One grammar rule you may have heard in school is to never start a sentence with a conjunction (such as “and” or “but”). This is actually another one of those made-up, recent inventions that has no basis in fact.
Actually, English speakers have started sentences with conjunctions for 1,200 years.
In his book Descriptive Syntax of the Old English Charters, Charles Merritt Carlton analyzes several charters written in Old English. His findings (see page 37) show that although the initial sentence in each document never started with a conjunction, subsequent sentences did. Not only did sentences start with conjunctions, but it was by far the most popular part of speech to start subsequent sentences. In fact, 69.1% of sentences in the 9th century documents, 48.6% in the 10th century documents, and 72.4% in the 11th century documents started with conjunctions.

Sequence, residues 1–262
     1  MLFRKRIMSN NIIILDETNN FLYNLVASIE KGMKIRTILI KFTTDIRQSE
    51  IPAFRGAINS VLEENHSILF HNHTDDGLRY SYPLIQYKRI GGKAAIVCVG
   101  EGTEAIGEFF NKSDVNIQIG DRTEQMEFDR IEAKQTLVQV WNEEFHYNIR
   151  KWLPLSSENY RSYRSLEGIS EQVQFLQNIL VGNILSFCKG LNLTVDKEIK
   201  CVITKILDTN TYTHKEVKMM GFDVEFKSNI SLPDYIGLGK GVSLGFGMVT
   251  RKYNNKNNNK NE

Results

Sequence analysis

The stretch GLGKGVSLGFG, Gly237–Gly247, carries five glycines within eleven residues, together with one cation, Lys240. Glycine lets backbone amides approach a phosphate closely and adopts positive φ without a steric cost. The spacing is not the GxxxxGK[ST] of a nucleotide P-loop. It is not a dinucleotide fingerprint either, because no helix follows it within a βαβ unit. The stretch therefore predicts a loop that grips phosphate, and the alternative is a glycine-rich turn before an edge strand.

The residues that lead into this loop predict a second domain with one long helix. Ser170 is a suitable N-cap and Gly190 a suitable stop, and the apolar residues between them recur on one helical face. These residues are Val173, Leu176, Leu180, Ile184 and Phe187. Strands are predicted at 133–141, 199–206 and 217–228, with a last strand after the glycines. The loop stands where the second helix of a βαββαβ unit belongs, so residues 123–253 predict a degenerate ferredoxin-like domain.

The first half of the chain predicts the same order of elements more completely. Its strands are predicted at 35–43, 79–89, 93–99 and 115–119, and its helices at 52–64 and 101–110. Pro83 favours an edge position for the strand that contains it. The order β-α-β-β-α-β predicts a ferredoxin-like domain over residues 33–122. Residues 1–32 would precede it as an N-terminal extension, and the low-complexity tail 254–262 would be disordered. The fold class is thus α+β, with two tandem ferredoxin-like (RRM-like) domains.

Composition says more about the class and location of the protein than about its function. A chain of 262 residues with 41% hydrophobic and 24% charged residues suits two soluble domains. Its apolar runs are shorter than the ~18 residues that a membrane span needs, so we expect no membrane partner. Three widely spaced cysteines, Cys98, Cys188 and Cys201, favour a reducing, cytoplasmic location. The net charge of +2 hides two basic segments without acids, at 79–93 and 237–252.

So, if you ever want to write something like:
She dared us to eat the hot peppers. And we did.
feel free, and ignore anyone who tells you it’s wrong.
With that being said, there is one caveat. Starting sentences with conjunctions tends to lend a conversational tone, so you may want to avoid it in formal documents.
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